The National Dignity Council responds to the CQC's Time to listen in NHS hospitals and care homes: Dignity and nutrition inspection reports
The National Dignity Council welcomes the follow up reviews from the CQC into the care provided to older people in NHS hospitals and care homes. The reviews focus on whether people are treated with dignity and receive the nutrition they require.
When comparing the results of the CQC's 2011 review, broadly more hospitals were meeting people's nutritional needs, but fewer were meeting the standards for privacy and dignity. In care homes, two-thirds met all the checked standards, including nutritional needs, skilled staff, protection from abuse and accurate record-keeping. The CQC states that, "However it is unacceptable that too many people living in care homes are not experiencing this level of care", and for both reports, "Where our inspectors found problems, there were some common failings. Many of these issues arise from cultures of care that put tasks before people".
The CQC reviews highlight "what worked well" in the hope that, "All hospitals and care home providers can and should learn from each other...".
The National Dignity Council Chair, Jan Burns said,
"I represented the Council at the National Association of Care Catering last Thursday and it was strongly agreed that if the Council's 10 Point Dignity Challenge was put into practice by people with a compassionate attitude, there would be an improvement in the quality of service people receive. The Dignity in Care network has well over 45,000 Dignity Champions nationwide signed up to commit to good practice and inspire everyone to promote dignity in all they do."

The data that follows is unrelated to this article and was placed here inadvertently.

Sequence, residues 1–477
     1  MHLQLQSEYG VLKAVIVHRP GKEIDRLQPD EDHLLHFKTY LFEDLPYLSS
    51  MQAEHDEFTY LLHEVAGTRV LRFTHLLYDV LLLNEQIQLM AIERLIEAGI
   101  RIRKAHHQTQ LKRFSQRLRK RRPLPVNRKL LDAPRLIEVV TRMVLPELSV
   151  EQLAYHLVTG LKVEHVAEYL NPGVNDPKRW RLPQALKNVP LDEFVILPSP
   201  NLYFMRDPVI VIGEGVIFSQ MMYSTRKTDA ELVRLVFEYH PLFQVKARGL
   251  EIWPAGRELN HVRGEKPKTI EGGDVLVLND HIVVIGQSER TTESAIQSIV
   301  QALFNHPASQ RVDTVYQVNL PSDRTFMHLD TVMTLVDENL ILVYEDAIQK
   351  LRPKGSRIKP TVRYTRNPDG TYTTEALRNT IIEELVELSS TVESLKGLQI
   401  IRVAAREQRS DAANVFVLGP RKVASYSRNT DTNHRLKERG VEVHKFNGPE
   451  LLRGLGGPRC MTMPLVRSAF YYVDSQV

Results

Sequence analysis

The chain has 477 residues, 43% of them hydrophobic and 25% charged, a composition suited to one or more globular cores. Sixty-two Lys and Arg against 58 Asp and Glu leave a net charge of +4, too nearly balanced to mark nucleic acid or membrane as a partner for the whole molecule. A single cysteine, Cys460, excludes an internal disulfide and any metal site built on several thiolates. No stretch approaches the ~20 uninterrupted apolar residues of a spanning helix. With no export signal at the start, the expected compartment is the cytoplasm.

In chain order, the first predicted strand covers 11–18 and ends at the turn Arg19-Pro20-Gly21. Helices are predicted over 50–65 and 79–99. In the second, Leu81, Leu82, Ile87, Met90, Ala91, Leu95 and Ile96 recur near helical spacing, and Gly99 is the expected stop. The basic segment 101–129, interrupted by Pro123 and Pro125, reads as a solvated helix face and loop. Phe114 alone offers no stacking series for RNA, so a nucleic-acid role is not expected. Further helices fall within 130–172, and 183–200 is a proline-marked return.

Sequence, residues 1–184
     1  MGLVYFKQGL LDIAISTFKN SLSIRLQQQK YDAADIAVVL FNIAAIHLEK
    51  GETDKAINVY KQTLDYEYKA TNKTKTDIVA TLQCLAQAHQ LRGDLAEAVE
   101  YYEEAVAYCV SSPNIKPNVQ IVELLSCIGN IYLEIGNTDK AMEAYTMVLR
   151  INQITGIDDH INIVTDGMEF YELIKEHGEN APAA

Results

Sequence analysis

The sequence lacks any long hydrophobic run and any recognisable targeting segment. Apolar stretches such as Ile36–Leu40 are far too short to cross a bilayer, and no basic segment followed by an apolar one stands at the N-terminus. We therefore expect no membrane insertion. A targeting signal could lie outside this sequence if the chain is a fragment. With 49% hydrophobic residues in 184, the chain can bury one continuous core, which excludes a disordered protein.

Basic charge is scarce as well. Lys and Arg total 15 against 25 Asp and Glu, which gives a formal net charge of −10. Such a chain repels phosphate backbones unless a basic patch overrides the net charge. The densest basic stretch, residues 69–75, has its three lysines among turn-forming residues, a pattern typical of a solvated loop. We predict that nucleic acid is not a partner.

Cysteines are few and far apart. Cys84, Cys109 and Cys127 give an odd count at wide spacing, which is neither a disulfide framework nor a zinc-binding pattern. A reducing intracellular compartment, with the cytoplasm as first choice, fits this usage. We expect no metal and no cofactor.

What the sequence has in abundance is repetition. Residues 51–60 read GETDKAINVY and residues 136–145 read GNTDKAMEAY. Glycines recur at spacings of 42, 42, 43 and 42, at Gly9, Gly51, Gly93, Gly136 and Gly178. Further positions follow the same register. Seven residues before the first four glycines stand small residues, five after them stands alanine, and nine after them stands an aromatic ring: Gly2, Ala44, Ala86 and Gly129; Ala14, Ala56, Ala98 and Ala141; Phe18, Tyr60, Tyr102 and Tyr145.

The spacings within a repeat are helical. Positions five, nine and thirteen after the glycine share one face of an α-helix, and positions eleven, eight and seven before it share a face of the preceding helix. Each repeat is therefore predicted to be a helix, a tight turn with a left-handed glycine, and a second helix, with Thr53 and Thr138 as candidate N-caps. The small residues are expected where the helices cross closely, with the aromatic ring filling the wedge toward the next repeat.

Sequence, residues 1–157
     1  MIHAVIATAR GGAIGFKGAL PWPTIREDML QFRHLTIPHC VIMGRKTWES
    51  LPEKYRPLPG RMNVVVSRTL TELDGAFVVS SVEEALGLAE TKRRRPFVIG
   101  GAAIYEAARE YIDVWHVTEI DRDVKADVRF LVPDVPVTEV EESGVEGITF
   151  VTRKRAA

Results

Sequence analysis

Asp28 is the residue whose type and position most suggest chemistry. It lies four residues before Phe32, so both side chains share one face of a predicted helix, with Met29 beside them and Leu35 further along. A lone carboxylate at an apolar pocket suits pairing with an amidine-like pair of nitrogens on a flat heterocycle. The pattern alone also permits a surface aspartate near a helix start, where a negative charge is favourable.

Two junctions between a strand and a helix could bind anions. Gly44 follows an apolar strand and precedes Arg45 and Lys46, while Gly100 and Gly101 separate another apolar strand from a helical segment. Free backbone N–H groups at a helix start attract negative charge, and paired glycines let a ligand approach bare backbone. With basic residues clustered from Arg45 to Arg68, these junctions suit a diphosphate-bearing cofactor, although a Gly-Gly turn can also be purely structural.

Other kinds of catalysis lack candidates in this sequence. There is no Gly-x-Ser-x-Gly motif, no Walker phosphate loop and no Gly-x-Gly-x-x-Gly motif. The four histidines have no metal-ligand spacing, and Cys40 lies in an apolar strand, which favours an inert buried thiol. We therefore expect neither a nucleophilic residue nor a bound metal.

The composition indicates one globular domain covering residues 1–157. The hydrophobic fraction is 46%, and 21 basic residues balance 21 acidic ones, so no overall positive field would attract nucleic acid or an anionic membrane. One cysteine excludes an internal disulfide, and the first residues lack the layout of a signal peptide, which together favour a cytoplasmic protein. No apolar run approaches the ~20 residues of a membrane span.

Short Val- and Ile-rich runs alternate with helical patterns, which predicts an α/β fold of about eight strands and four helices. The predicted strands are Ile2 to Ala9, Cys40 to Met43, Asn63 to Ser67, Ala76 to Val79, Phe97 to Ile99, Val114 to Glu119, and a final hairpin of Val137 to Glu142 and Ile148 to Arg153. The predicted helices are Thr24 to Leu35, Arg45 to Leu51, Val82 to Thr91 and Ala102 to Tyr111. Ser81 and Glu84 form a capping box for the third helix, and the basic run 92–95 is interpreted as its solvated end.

The Dignity in Care network's 10 point Dignity challenge aligns with the CQC findings of what worked well. The 10 Point Dignity challenge highlights values and actions that promote good practice in promoting dignity in care, namely:
- Have a zero tolerance of all forms of abuse
- Support people with the same respect you would want for yourself or a member of your family
- Treat each person as an individual by offering a personalised service
- Enable people to maintain the maximum possible level of independence, choice and control
- Listen and support people to express their needs and wants
- Respect people's right to privacy
- Ensure people feel able to complain without fear of retribution
- Engage with family members and carers as care partners
- Assist people to maintain confidence and positive self-esteem
- Act to alleviate people's loneliness and isolation.
The National Dignity Council and Dignity Champions campaign to promote awareness of these 10 points to everyone connected with health and social care. Champions are committed to the Council's mission of putting dignity in the heart, mind and actions.
Jan Burns - Independent Chair, National Dignity Council
T: 07800 807 151 e: firstname.lastname@example.org
Liz Taylor - Secretary, National Dignity Council
Jill Fraser - Spokesperson and member, National Dignity Council
T: 01789 488018 e: email@example.com
Notes to editors:
What is a Dignity Champion?
A Dignity Champion is someone who believes passionately that being treated with dignity is a basic human right, not an optional extra. They believe that all care must be compassionate, person-centred, as well as efficient, and are willing to do something to achieve this. So far, over 45,000 people have signed up to be Dignity Champions, all pledging to challenge poor care, to act as good role models and, through specific guidelines issued by the campaign, to educate and inform all those working around them.
About The National Dignity Council
Formerly known as The Dignity Partnership Board, the National Dignity Council currently meets every two months to shape and influence the work of the Dignity in Care Network, and to campaign and support Dignity Champions. The Council is made up of an enthusiastic group of representatives from various bodies including Health and Social Care organisations.